– Unsatisfactory customer care.
• Robert and Alison Jones, 9 Badgers Way, a three-bedroomed town house costing £122,000.
– Both kitchen windows at the front of the house do not close.
– Broken double-glazing.
– A leaking balcony.
– Wires hanging out of holes in the walls.
– A stain on the carpet.
– Railings not painted.
– An extractor fan in the kitchen, which does not work.
– The wrong kitchen units.
– Units installed unevenly.
– The wrong dishwasher.
– Loose kitchen tiles.
– The toilet seat was not attached to the bowl.
– Only one light in the living/dinning area where the plans showed two.
– Poor customer service.
• Andrew Eastwood and Jacquelynne Stewart, 15 Badgers Way, a four-bedroomed town house costing £140,000.
– Holes in the hall carpet.
– No seal on the shower mixer.
– A gap at the back of the toilet.
– Toilet flush not working.
– The wrong toilet suite installed.
– A hole behind the fan in the bathroom.
– No cooker or hob.
– No weather seal around the front door.
– No flooring in the porch.
– Loose roof tiles.
– A broken lock on the garage door.
– Unsatisfactory customer care.
• Kathryn Deakin and Adrian Clarke, 17 Badgers Way, a three-bedroomed semi-detached house costing £109,500.
– Toilet sewage running into the garden.
– No turf in the garden.
– Badly fitted drains in the garden.
– The wrong kitchen units installed.
– Chipped kitchen worktops.
– Patio doors scratched.
– A big gap under the front door.
– Uneven flooring upstairs
– Radiators that do not work.
– Leaking pipes in the en-suite bathroom.
– Poor customer service.
• Paul and Astra Malloy, 19 Badgers Way, a three-bedroomed semi-detached house costing £103,500.
– Mr Malloy had to remove 50 wheelbarrow loads of rubble from the garden.
– No telephone sockets.
– A hole with live electrical wires.
– A crack in one of the windows.
– Holes in the kitchen cupboards.
– A kitchen extractor fan that does not work.
– Windows that do not close.
– A dented front door.
– Non-existent workmen.
• Oliver Higgins and Angela Copeland, 21 Badgers Way, a two-bedroomed coach house costing £84,000.
– Toilet bowl over-flowing with sewage.
– The living room carpet is made up of two off-cuts with an obvious join.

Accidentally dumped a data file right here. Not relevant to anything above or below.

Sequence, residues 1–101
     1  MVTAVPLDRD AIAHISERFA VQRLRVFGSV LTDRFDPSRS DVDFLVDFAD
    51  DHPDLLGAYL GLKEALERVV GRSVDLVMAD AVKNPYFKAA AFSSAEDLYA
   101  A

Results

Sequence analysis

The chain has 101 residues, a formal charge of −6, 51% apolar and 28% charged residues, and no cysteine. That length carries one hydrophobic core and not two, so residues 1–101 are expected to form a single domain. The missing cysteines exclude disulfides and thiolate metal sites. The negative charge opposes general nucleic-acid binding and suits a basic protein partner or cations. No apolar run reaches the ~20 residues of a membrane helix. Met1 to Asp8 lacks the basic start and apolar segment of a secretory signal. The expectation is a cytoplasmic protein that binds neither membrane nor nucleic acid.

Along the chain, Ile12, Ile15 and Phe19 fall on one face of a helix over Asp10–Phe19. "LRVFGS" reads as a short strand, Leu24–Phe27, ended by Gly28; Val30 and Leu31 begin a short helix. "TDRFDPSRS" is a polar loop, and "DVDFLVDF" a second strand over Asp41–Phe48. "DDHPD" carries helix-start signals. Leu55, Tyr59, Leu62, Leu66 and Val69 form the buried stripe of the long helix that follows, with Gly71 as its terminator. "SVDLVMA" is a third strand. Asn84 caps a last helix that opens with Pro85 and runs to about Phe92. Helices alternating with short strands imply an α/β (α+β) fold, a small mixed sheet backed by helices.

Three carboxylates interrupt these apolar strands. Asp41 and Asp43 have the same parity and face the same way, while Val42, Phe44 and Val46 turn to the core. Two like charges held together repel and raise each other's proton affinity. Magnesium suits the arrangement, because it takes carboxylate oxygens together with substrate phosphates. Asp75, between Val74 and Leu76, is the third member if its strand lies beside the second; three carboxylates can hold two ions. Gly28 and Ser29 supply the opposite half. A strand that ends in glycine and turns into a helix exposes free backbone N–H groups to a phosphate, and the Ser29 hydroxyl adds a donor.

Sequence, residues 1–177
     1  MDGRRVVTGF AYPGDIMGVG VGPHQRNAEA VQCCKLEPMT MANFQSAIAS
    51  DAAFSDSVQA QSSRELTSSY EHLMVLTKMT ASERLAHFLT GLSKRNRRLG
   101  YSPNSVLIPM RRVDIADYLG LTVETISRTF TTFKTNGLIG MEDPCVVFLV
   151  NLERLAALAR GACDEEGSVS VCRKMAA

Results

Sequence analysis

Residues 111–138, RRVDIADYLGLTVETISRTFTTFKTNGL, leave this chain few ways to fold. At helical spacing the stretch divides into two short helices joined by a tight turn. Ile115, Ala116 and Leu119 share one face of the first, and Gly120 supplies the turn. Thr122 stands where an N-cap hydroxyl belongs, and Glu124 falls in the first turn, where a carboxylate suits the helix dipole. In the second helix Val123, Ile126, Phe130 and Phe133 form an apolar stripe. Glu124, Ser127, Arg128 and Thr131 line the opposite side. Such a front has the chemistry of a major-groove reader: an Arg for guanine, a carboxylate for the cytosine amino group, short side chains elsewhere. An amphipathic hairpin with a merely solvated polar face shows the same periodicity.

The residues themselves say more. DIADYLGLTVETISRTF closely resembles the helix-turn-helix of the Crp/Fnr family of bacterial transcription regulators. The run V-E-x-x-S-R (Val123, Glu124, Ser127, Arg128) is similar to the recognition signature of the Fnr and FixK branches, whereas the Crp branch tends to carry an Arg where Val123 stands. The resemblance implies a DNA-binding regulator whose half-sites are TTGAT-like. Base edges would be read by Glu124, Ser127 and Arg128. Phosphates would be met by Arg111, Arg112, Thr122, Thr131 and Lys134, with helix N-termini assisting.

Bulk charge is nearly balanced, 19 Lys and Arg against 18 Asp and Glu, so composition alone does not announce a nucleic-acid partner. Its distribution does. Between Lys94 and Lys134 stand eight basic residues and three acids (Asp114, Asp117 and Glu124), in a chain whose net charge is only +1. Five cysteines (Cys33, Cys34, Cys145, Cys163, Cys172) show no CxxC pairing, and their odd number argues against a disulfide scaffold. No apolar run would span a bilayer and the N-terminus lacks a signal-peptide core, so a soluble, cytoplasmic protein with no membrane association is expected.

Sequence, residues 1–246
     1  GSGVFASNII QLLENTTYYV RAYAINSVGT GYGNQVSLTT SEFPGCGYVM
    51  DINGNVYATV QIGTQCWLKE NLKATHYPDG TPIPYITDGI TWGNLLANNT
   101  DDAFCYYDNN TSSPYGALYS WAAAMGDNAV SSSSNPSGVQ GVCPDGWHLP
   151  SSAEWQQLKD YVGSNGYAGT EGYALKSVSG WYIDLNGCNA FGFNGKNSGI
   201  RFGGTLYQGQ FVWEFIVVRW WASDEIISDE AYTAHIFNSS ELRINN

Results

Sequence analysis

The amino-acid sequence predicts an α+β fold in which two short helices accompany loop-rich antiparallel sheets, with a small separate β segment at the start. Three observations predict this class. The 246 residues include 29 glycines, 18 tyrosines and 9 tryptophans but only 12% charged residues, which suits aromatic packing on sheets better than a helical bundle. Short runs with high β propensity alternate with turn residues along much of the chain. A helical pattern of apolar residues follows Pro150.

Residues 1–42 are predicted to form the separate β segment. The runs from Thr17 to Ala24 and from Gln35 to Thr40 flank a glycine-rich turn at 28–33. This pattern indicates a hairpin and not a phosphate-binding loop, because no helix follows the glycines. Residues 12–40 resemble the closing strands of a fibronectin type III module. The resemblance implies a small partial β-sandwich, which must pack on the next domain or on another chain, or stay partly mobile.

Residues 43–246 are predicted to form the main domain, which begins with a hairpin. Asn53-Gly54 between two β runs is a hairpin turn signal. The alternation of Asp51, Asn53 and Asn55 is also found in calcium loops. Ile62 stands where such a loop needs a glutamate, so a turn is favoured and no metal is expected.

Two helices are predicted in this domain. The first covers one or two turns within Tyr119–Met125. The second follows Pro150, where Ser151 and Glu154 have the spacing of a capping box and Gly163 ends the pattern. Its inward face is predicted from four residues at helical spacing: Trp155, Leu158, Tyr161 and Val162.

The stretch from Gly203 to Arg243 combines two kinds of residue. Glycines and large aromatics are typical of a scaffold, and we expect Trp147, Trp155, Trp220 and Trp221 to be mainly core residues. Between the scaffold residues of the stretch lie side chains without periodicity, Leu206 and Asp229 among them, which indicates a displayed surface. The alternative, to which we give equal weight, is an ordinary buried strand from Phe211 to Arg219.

– The central heating does not work properly.
– Phone line not fitted.
– The front door handle does not work.
– Windows are not straight in the walls.
• Ray and Alwin Pickering, 25 Pollard Road, a four-bedroomed detached house costing £137,000.
– No tarmac on the drive.
– No garage door.
– The runners for the garage door blocked the fuse box.
– No turf in the garden.
– Badly laid flooring in the kitchen.
– Plain glass rather than frosted glass in the downstairs toilet.
– Front door not sealed or weather proofed.
– Wrongly wired lights.
• Neil and Tracey Evans, 31 Pollard Road, a three-bedroomed town house costing £120,000.
– Leaking pipes in the bathroom causing flooding and destroying carpets and plasterwork.
– Replacement carpets do not match the original carpets.
– The garage is not finished or painted.
– A fireplace without a grate.
– No phone line.
– Unsatisfactory patio doors.
– Poor customer service.
• Peter Cooper and Caroline Rose, 33 Pollard Road, a three-bedroomed town house costing £120,000.
– The patio door would not lock.
– The washing machine was not plumbed in properly.
– The house was not cleaned and was left in a mess by the builders.
– Unacceptable customer care.
• Tim Chappell, 35 Pollard Road, a three-bedroomed town house costing £130,000.
– Fire doors do not close.
– Garage door does not work.
– Windows not sealed properly.
– A loose sink in the cloakroom.
– Lounge floor completely uneven.
– Bathroom door handle does not work.
– Bad customer service.

‘We sincerely regret the problems’
Bob Pritchard, managing director of KingsOak South West, responding to the homeowners’ long list of complaints, said:
“The issues arising in Weston Village are obviously of great concern to us, as the company places great emphasis on customer care and providing quality new homes, with which the vast majority of our buyers are entirely happy.
“We sincerely regret the problems experienced by a number of homeowners on this development, and our customer service department is in communication with every homeowner who has contacted our head office, to agree a timescale for outstanding work to be completed.
“Even though all new houses on the development have now been sold, we are retaining our site manager and maintenance crew on the site to ensure that all outstanding issues are rectified to the complete satisfaction of our customers as a matter of priority.
“We appreciate that a backlog of work has built up, however, we are expecting to have all outstanding works completed as soon as possible.
“Several of the major issues raised by residents, such as unfinished road and pavement infrastructure and drainage, are the responsibility of the site consortium. We fully understand the frustrations of the residents, and all concerns received by KingsOak have been brought to the attention of the consortium, and we are exerting our own pressure to have this work completed as a matter of urgency.”

In the body site-wide: